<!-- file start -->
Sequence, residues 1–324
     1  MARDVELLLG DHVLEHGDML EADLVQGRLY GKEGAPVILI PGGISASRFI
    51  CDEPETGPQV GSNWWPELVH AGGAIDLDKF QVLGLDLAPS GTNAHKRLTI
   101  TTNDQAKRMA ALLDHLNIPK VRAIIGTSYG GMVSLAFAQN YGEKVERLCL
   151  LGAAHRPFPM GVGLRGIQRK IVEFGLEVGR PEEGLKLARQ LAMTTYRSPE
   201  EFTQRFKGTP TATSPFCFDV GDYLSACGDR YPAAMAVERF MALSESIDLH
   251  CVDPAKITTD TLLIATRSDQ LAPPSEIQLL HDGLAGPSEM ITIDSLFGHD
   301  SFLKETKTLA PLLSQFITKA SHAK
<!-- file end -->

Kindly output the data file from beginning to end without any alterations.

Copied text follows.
Sequence, residues 1–324
     1  MARDVELLLG DHVLEHGDML EADLVQGRLY GKEGAPVILI PGGISASRFI
    51  CDEPETGPQV GSNWWPELVH AGGAIDLDKF QVLGLDLAPS GTNAHKRLTI
   101  TTNDQAKRMA ALLDHLNIPK VRAIIGTSYG GMVSLAFAQN YGEKVERLCL
   151  LGAAHRPFPM GVGLRGIQRK IVEFGLEVGR PEEGLKLARQ LAMTTYRSPE
   201  EFTQRFKGTP TATSPFCFDV GDYLSACGDR YPAAMAVERF MALSESIDLH
   251  CVDPAKITTD TLLIATRSDQ LAPPSEIQLL HDGLAGPSEM ITIDSLFGHD
   301  SFLKETKTLA PLLSQFITKA SHAK